Submitted by: Victoria Hoover, Framingham State University Food and Nutrition Student, Coordinated Program in Dietetics

Hanover High School Students Become Breakfast Savvy

Framingham State University dietetic intern Ashley Petrie presenting Fuel Up with Breakfast at Hanover High School.

On Monday, November 27, 2017, Framingham State University dietetic intern Ashley Petrie presented Fuel Up with Breakfast to the ninth and tenth grade students at Hanover High School. The interactive lesson covered the importance of eating breakfast every day and the basics of how to build a healthy, well-balanced breakfast. Participants learned aboutwhy teens should eat breakfast every day, how to create their own well-balanced breakfast using MyPlate, and how to find healthy breakfast recipes online using non-traditional breakfast ingredients.

The interns from the Coordinated Program in Dietetics at Framingham State University have a unique opportunity to promote the nutrition education efforts of their assigned school districts. Hanover Public School’s Wellness Policy recognizes the role that nutrition education plays in the development of good lifelong health habits by their students. The collaborative effort between Hanover High School’s Physical Education/Wellness Department and FSU dietetic intern Ashley Petrie brought the ninth and tenth grade students a much needed lesson on healthy breakfast habits.

To learn more about how to create a healthy, well-balanced breakfast, check out MyPlate and the JSI Resource Center. Additionally, the Academy of Nutrition and Dietetics provides important information on why teens should be eating breakfast every day.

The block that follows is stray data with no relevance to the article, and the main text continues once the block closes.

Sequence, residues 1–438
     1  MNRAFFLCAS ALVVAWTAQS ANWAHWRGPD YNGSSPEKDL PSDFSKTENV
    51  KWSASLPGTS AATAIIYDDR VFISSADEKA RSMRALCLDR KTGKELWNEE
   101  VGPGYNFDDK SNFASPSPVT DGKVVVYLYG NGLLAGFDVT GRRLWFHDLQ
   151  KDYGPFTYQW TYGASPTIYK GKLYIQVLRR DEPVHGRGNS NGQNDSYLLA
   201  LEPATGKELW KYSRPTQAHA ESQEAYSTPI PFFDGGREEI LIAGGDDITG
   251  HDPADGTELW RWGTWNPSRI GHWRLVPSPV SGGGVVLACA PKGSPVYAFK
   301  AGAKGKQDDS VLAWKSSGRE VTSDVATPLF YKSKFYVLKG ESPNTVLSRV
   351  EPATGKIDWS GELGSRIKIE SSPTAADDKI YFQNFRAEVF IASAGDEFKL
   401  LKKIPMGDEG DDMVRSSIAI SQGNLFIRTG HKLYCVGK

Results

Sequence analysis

Submitted by: Ashley Petrie, FSU Food and Nutrition Student, Coordinated Program in Dietetics.

Milton Public Schools Learns how to Fuel Their Sports Performance!

FSU Dietetics intern, Jane Minton, educated the Milton High School Boys Soccer Team about how to fuel their sports performance.

Milton Public Schools Wellness Policy acknowledges the district’s responsibility to protect children’s health, well-being, and ability to learn by supporting wellness, good nutrition and regular physical activity. The district promotes healthy eating and regular exercise, which is linked to reduced risk of the development of many chronic diseases. The Foodservice and Athletic departments of Milton Public Schools teamed up with Framingham State University’s Food and Nutrition Coordinated Program to provide nutrition education to their students. Framingham State University Dietetic Undergraduate Student Jane Minton educated the Milton High School Boys Soccer Team about how to fuel their sports performance. Student-athletes learned the importance of proper nutrition and hydration before, during, and after sports activity.

The Boys Soccer Team came up with some great ideas to fuel up before the game, refuel their bodies after the game, and hydrate throughout the day.

The student-athletes were able to test their knowledge about sports nutrition before the presentation and again after the presentation. Many were surprised about how much they “thought” they knew.

The Boys Soccer Team can now use the knowledge they learned from the dietetic students to properly fuel their sports performance and excel on and off the field!

The sports nutrition information was gathered from the Milton Public Schools Website under Nutrition and Fitness. The Milton Public Schools’ Website is a great resource for parents, students, athletes, and teachers.

If you are looking for more ways to incorporate nutrition into classroom lessons to help students make decisions to benefit their well-being, visit the lessons category in the JSI Resource Center hosted by The John C. Stalker Institute for Food and Nutrition.

Submitted by: Jane Minton, Undergraduate Student in the FSU Coordinated Program in Dietetics